What You Need to Know About Self-Directed Roth IRA

Written by True Tamplin, BSc, CEPF®

Reviewed by Subject Matter Experts

Updated on August 10, 2023

Are You Retirement Ready?

When it comes to retirement planning, most people think of 401(k) plans and Individual Retirement Accounts, or IRAs.

However, there is another type of retirement account that is often overlooked: the self-directed Roth IRA.

A self-directed Roth IRA is an individual retirement account in which the holder can direct how their investments are made.

This allows for greater flexibility and control over one's retirement savings.

There are many different ways to invest in a self-directed Roth IRA. Some common options include stocks, mutual funds, and real estate.

However, there are many other investment options available, including precious metals, private equity, and venture capital.

Have questions about Self-Directed Roth IRAs? Click here.

Who Is Eligible to Have a Self-Directed Roth IRA?

Anyone who meets the qualifications for a Roth IRA can have a self-directed account.

To qualify for a Roth IRA, you must be earning income and you cannot be age 70½ or older.

You must also have a taxable income of less than $124,000 if you are single or $196,000 if you are married filing jointly.

Investing With a Self-Directed Roth IRA

Once you have established a self-directed Roth IRA, you can start investing in a variety of different assets such as stocks, mutual funds, and real estate.

However, it is important to remember that there are some restrictions on what you can invest in.

For example, you cannot invest in collectibles, such as art or antiques.

Tax Guidelines for Self-Directed Roth IRA

When it comes to taxes, there are some guidelines that you should be aware of when investing with a self-directed Roth IRA.

In order to avoid abusing the benefits of self-directed IRAs, the following two rules should be observed:

Disqualified Persons

This refers to people who are not allowed to make investments in a self-directed Roth IRA. The list of disqualified persons includes the following:

  • The Roth IRA owner (the account holder)
  • His or her spouse
  • His or her lineal descendants and ascendants (parents, grandparents, etc.)
  • Investors in the Roth IRA owner's business
  • Plan service providers

Prohibited Transactions

This is a broader category that includes any transaction that would disqualify the Roth IRA from being tax-deductible.

This includes transactions with disqualified persons, as well as investing in prohibited assets. Prohibited transactions include the following:

  • Borrowing money from the account
  • Selling property to the account
  • Using the assets of the account as security for a loan

Advantages of a Self-Directed Roth IRA

The main advantages of using a self-directed Roth IRA are:


1. You can invest in almost any type of investment.

This allows for increased diversification and the ability to make the most out of your retirement savings.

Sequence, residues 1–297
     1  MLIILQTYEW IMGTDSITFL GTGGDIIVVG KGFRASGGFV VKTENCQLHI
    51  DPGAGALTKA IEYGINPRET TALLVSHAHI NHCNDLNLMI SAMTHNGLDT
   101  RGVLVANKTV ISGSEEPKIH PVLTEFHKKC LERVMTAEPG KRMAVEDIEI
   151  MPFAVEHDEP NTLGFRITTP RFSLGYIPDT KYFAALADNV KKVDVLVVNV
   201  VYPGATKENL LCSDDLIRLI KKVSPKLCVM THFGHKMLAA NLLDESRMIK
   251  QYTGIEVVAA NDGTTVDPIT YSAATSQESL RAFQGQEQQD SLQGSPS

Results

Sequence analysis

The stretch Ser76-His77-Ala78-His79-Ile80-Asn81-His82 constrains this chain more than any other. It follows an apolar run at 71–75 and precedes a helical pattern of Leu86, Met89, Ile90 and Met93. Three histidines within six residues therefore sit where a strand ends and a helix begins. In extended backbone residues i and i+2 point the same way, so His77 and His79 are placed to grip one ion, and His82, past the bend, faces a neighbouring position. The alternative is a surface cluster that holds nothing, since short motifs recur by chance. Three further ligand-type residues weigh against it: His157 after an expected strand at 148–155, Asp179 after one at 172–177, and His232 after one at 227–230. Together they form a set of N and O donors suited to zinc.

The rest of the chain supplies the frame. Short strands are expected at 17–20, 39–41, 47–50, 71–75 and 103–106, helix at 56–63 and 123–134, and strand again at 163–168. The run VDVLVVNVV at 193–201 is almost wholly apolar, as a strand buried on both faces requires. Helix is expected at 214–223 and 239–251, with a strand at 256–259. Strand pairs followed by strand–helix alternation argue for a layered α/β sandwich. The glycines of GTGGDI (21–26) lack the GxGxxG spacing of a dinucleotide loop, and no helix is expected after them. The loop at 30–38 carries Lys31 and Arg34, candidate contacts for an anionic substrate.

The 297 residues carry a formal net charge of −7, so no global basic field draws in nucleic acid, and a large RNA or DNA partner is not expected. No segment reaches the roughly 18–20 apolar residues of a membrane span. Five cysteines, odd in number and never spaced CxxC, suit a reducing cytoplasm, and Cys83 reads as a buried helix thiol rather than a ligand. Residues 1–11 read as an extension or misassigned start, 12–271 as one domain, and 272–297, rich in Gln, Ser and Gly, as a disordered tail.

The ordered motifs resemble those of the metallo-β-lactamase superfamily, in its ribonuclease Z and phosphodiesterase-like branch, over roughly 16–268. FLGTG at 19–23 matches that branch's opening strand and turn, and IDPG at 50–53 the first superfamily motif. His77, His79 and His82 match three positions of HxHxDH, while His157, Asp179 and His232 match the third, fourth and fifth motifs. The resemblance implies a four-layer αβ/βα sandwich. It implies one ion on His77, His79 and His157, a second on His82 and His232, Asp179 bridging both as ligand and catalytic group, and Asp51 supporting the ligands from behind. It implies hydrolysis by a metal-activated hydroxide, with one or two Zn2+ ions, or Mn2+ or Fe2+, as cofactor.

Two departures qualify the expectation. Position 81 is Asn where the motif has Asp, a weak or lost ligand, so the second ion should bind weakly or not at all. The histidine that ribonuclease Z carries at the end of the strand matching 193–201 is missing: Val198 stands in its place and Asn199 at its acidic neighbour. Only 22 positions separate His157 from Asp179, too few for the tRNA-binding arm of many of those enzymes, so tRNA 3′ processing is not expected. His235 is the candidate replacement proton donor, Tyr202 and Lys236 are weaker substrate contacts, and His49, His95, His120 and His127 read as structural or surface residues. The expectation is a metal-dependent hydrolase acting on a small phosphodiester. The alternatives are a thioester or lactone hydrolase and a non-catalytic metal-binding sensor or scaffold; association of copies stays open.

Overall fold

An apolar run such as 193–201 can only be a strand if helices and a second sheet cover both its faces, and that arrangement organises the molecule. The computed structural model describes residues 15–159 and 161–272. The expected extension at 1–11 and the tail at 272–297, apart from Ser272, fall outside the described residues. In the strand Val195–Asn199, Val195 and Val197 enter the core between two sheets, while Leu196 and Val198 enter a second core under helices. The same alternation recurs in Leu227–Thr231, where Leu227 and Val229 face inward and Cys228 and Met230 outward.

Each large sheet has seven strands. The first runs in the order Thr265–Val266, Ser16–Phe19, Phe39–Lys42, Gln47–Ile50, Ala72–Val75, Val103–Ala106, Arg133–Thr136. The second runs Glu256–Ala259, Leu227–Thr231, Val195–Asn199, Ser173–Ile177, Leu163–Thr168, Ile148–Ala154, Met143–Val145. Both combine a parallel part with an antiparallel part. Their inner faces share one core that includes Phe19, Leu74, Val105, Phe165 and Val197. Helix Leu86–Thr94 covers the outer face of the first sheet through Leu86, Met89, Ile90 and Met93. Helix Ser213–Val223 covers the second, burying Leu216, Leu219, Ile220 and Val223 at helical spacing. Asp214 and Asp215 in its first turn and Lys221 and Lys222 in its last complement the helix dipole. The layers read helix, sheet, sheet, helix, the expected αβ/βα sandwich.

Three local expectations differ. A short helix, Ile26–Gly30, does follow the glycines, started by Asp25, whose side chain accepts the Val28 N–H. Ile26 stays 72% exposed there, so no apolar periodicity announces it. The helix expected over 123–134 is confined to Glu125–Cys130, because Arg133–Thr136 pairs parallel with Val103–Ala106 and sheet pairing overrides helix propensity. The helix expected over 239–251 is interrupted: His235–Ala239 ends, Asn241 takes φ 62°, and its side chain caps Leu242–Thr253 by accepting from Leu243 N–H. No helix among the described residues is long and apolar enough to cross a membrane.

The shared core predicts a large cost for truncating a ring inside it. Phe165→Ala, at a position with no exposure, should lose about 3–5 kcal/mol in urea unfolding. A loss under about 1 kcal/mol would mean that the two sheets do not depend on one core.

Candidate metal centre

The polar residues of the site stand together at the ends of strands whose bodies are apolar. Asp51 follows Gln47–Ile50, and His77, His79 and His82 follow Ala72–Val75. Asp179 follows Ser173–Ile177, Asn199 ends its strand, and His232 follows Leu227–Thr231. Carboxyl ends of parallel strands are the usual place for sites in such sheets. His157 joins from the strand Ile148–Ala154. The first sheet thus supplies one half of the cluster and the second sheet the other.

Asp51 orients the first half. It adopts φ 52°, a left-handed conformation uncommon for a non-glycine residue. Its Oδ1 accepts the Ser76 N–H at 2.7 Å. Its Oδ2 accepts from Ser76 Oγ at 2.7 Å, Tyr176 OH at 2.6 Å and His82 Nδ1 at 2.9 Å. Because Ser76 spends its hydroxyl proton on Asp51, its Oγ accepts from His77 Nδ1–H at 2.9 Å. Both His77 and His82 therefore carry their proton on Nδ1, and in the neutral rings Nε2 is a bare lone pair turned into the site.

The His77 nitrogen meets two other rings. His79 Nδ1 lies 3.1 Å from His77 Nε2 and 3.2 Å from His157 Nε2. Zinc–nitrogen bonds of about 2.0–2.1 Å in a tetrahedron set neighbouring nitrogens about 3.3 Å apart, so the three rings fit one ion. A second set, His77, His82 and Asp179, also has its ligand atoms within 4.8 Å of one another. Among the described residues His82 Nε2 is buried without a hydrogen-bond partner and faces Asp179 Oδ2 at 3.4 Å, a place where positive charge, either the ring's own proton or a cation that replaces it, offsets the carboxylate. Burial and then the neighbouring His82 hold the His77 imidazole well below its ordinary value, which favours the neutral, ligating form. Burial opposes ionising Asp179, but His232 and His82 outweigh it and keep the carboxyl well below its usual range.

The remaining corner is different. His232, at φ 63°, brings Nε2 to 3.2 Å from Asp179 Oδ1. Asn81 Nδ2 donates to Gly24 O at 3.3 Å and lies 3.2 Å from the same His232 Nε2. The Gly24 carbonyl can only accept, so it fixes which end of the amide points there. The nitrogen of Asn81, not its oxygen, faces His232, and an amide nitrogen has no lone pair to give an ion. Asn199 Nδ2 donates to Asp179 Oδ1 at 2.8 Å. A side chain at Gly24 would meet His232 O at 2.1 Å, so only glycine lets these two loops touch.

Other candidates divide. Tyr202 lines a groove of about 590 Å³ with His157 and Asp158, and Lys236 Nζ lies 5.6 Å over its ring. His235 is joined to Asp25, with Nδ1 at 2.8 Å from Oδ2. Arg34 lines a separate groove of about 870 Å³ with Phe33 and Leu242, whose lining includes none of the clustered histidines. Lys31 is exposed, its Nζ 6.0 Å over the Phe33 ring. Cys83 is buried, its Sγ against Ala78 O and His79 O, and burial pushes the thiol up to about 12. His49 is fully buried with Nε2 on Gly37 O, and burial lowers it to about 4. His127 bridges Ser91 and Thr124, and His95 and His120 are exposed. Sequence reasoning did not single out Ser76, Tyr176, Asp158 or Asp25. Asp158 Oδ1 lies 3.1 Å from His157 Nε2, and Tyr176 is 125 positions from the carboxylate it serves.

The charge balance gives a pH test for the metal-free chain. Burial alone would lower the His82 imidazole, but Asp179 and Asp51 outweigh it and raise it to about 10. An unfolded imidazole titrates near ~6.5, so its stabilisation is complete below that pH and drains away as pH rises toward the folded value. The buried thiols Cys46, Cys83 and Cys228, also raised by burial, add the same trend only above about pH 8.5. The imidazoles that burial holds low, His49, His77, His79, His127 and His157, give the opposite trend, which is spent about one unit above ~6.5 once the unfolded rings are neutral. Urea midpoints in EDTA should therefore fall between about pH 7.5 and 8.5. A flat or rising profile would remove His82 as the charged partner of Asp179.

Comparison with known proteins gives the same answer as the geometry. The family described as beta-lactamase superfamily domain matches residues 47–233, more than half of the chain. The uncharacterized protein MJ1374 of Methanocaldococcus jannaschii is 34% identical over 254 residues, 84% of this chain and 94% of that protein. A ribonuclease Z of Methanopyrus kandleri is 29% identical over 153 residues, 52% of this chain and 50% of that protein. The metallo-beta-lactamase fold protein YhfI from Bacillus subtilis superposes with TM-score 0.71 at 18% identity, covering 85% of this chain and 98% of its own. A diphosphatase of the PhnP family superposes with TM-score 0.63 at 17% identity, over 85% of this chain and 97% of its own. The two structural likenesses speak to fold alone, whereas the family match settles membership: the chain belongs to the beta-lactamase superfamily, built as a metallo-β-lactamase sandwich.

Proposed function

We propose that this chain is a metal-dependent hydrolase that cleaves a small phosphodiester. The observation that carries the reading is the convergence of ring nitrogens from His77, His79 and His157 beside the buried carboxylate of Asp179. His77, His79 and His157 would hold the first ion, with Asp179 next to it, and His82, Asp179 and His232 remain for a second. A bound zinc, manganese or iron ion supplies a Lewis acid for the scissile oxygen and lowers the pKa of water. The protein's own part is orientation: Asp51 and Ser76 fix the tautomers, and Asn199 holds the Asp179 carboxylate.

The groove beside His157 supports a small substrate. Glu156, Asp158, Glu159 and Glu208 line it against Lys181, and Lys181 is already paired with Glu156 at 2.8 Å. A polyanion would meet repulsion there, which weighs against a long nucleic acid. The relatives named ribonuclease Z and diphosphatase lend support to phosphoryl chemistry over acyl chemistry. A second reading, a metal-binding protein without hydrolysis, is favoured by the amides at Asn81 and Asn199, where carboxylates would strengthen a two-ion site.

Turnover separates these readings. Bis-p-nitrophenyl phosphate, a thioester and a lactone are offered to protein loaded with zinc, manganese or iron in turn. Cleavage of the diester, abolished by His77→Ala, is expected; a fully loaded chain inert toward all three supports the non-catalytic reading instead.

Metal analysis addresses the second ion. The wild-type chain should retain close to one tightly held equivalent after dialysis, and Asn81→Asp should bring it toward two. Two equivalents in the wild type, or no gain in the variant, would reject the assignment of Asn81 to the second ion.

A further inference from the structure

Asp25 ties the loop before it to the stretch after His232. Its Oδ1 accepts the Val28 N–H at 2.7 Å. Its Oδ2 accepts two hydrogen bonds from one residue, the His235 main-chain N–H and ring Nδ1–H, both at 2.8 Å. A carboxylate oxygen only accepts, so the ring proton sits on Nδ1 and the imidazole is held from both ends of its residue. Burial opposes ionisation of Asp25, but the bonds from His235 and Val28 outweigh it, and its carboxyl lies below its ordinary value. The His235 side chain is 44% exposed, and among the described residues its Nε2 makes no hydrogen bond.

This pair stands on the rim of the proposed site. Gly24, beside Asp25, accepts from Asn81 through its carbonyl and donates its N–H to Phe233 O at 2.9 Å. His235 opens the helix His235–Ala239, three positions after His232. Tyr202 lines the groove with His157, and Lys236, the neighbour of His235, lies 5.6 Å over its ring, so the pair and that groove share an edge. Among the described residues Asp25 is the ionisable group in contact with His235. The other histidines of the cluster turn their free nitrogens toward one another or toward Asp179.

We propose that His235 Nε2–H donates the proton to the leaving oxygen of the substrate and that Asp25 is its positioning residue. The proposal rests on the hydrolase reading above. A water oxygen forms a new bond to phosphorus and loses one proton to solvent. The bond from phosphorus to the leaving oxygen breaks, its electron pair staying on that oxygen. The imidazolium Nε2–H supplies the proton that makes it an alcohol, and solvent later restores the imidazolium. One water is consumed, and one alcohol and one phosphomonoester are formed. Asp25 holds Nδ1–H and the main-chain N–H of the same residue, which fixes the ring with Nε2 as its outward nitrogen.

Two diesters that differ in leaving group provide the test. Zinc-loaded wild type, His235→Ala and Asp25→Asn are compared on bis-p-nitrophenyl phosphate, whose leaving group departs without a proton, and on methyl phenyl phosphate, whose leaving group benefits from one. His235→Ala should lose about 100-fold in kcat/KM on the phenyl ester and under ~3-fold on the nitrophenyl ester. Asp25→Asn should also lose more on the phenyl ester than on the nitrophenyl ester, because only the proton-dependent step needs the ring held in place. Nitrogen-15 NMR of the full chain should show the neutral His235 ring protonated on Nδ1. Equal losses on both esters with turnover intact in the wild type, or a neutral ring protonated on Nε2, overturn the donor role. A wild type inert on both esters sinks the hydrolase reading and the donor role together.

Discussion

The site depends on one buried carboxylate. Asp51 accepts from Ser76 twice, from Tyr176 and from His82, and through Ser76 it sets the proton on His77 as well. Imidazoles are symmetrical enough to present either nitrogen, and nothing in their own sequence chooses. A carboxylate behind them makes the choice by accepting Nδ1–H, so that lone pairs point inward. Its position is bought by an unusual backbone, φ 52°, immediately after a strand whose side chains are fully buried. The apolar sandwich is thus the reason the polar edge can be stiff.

Traditional or regular IRAs do not allow you to use alternative investments such as real estate. With a self-directed Roth IRA, however, you can invest in these sorts of assets.

2. Withdrawals from a self-directed Roth IRA are tax-free.

There is no 10% penalty fee or taxes on withdrawals as long as one meets certain requirements.

Also, if your account is holding a Roth IRA conversion, you are allowed to make penalty-free withdrawals of your converted funds at any time.

3. There is more flexibility with a self-directed Roth IRA.

This includes being able to contribute more money each year and taking out money without penalty.

Disadvantages of a Self-Directed Roth IRA

The main disadvantages of using a self-directed Roth IRA are:


1. There is more responsibility and liability with a self-directed account.

Since the account holder is responsible for making investment decisions, it is important to do your homework before investing in any asset.

2. The fees associated with a self-directed Roth IRA can be higher than those of other retirement accounts.

This is because you are typically charged an annual administrative fee as well as a fee for each transaction.

3. It can be more difficult to find investments for a self-directed Roth IRA.

This is mainly because not all investment firms offer this type of account. You may need to do some extra research to find the right investments for your needs.

Final Thoughts

A self-directed Roth IRA can be a great way to have more control over your retirement savings.

A self-directed Roth IRA may not be for everyone, but it certainly has its benefits and advantages over traditional retirement accounts.

If you are interested in using a self-directed Roth IRA or have any questions about the rules and regulations regarding these types of accounts, consult with your financial advisor or tax advisor before making any decisions on how to invest your retirement savings.

Self-Directed Roth IRA FAQs

About the Author

True Tamplin, BSc, CEPF®

True Tamplin is a published author, public speaker, CEO of UpDigital, and founder of Finance Strategists.

True is a Certified Educator in Personal Finance (CEPF®), author of The Handy Financial Ratios Guide, a member of the Society for Advancing Business Editing and Writing, contributes to his financial education site, Finance Strategists, and has spoken to various financial communities such as the CFA Institute, as well as university students like his Alma mater, Biola University, where he received a bachelor of science in business and data analytics.

To learn more about True, visit his personal website or view his author profiles on Amazon, Nasdaq and Forbes.

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